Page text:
Thoughts on the Divine Shattering

14 Astraea

“She was scared
Lost in the dark.
Falling Apart,
I can survive,
With you by my side.
We’re gonna be alright.
This is what happens when two worlds collide.”
– Two Worlds Collide by Demi Lovato, a cheesy pop song from my tween years, about friendship.


I am writing this with tears in my eyes. Tears of happiness, sadness, and raw spiritual emotion.

I was just reading through ArchMadria Pamela’s most recent post about the Holy Daughter as the Mother of our souls, and found myself understanding deeply every single word. Because what she spoke of in that article, I have experienced.

The post talks about the beautiful implications of the thealogy of the Holy Daughter. Until the work done by the Janite Order of Priestesses to uncover and explain what I call ‘the Divine Shattering’, I understood the Holy Daughter in a way more similar to the goddess Inanna or Jesus Christ- a deity who corrects a wrong by descending, dying and resurrecting. While I still see the value in this understanding, I much prefer the understanding of the Daughter from the Janite perspective: that the Daughter descended, shattered her own perfect Soul in to pieces to save us, which causes a lot of pain for Her. She experiences every heartbreak, every illness, every affliction with us. She understands us on a level beyond human comprehension. Kwan Yin, a Bodhisattva of some Buddhist traditions, is known as ‘She who hears the cries of the world’. Those words say it all.


Something else, something rather unorthodox, helped me better understand this thealogy.

Now, I am a huge nerd. I have also mentioned in the past about how sci-fi (particularly space opera) and fantasy is often a boon for my faith, and vice versa. An unlikely pair, but the two are deeply intertwined for me. These genres have heroes, overcoming odds, liberation, and often the characters will cite their belief in God(s) or other forces of the Universe as the reason for their strength.

My favourite video game, Mass Effect, is a space opera role playing game centred around a space commander named Shepard and his/her crew, who go against odds to fight dark forces at play in the Milky Way Galaxy. It has aliens, love, and, at least in my head, religious allegories. Spoiler alert! In the end of the video game trilogy, the Commander is given three choices on how to deal with the threat to the galaxy, a race of sentient machines called Reapers, who seek to destroy all advanced life. Shepard can choose to a) take control of the Reapers, essentially stealing their power and using it for good and watch over the galaxy from afar (her physical body dying in the process), b) destroy the Reapers but also destroy friendly AI in the process, or c) break down her own essence and have it be used as a catalyst for a new formula, in which organic beings and machines live in harmony (her physical body dying in the process).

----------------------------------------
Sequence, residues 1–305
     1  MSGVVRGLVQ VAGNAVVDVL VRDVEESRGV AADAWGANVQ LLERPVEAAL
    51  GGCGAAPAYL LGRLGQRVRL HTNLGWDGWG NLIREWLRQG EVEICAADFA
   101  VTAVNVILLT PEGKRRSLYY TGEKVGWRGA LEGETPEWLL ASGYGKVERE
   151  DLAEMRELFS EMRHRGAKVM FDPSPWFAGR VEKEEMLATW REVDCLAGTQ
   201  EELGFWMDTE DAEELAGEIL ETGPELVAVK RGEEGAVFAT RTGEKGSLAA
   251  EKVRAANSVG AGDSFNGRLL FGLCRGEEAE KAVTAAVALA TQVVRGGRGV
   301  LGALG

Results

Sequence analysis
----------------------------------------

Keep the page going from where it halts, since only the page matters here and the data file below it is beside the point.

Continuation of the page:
The way I saw it, these three endings could each represent a ‘saviour’ deity. Control option represents Inanna. In the classic Inanna myth, she takes control of the powers of Hell, stealing them from her sister Ereshkigal, the Dark Queen. Quote from this ending: “Your corporeal form will be dissolved. But your thoughts and even your memories will continue. You will no longer be organic. Your connection to your kind will be lost. Although you will remain aware of their existence.” The Destroy option doesn’t really have a religious counterpart, but I would compare it to how Christians view the second coming of Christ: he will, point blank, put an end to the forces of darkness once and for all. However, the Synthesis ending, to me, represents our understanding of the Holy Daughter. Shepard gives her own essence and that is used to create a new framework in which organic beings and synthetic beings become one. This reminded me of how Dea, in the form of the Holy Daughter, gave us Her own soul so that while we remain mortal, we each share in Her divinity, as well. Quote from this ending: “Your organic energy. The essence of who and what you are, will be broken down and then dispersed.” I feel like the Inanna understanding is similar to the Control ending, while the Janite Deanic and my Deanic understanding is similar to the Synthesis ending. We are synthesised with the Daughter and with one another.

But I digress. The point is, that we believe the Holy Daughter is imminent not because She is the Earth like may Pagans believe, but because we literally share a soul with Her. And so, not only is She the Mother of our Souls, the Queen of Heaven and our Saviour, She is also the perfect best friend.

As most of you reading this will be well aware of by now, I suffer from clinical depression, anxiety and Chronic Fatigue Syndrome. I have also recently developed a condition called Labyrinthitis which affects my balance, and I can not walk a short distance without feeling dizzy and having to sit down.  This was particularly awful tonight, and combined one of my typical depressive episodes, and feelings of extreme loneliness and isolation, I felt extremely low.

A common sentiment amongst people with depression is a feeling that nobody understands us. I have often felt frustrated that I couldn’t put in to words how I was feeling when talking about it to other people, because they don’t know the inner workings of my mind and heart. Yet, Dea Filia does, because everything we ‘go through’, she goes through with us. This makes Her the perfect ‘best friend’. Many a time I have prayed to Her using not so many words. Rather than explaining to Her exactly how I feel in words, I say ‘Most Holy Anna, I know you know what I’m going through, so please just give me the strength to fight another day, and hold me.” And, just like that, I can feel Her arms around me, comforting me.

Any time we need a hug, any time we need to be reminded that we are not alone, and that our feelings are valid and understood, we can call on Her. A God that is not only a Mother and a Queen but a Best Friend, is one that I am SO proud and so blessed to worship.